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Hey_Hey

Affordable Housing Proposals

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In light of last night's disapproval/deferral of the proposed affordable housing ordinance by the Planning Commission, I would like to hear other thoughts about ways to move forward. I think everyone agrees that the cost to live in Nashville has gone up considerably in the last few years for both renters and home/condo buyers. I also think it goes without saying that we are having affordability issues because of our own success and the demand that Nashville is inducing.  If given the choice, I would rather live in a market that has rising housing costs as opposed to one that has flat or declining housing costs as declining housing costs generally indicate an area in decline, although there are obviously limits to that.  

As we move forward, how can we keep prices under control without making matters worse?  Is there a role for government through ordinances/zoning, funding, or both? Should government stay out of the issue completely and let the market proceed unfettered?  Is there another option out there to solve this problem?

Please discuss.

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This is an important topic to explore. I'm not convinced "affordable housing" is a problem per se, though I could be persuaded otherwise. I find it perplexing that our local government is expending a lot of time and energy on a problem it has not really articulated. What constitutes "affordable"? Does this problem include rentals as well as owned dwellings? If only owned dwellings, are we going to use an income-based standard to decide affordability, or some other standard, such as benchmarking against housing prices in peer cities? If an income standard, should it be a federal one such as the poverty line for public housing eligibility, or should it be locally derived? Or more broadly, should the solution be supply-side or demand-side; that is, should we make developers build cheaper housing or give buyers subsidies to afford market rates?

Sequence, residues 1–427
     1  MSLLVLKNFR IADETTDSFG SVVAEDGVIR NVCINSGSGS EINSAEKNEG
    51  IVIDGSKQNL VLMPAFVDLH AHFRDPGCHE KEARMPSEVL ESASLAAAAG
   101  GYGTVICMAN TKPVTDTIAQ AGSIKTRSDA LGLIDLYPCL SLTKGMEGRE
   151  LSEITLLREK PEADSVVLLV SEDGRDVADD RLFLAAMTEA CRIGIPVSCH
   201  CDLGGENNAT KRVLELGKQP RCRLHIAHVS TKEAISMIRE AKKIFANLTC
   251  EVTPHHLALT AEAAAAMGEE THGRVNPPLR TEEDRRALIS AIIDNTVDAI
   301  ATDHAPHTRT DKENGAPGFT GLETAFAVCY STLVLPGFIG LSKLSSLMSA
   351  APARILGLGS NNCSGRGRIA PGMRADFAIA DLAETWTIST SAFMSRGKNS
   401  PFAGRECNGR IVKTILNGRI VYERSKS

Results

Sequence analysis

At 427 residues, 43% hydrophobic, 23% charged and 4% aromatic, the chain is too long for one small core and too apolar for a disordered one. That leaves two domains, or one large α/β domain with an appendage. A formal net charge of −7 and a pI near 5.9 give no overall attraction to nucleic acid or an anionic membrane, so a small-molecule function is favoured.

None of these questions seem to have been fully answered, so it seems like there is a lot of sound and fury signifying nothing in an effort to placate a vocal minority's inchoate frustration. Though one could say that describes how our political process works most of the time, regardless of the issue.

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On 1/15/2016 at 10:57 AM, Hey_Hey said:

 If given the choice, I would rather live in a market that has rising housing costs as opposed to one that has flat or declining housing costs as declining housing costs generally indicate an area in decline, although there are obviously limits to that.  

You make a good point. If anything, one might expect local govt to get involved to prevent housing costs from falling, as that is the more worrisome side of the coin for any municipality, thinking long term. 

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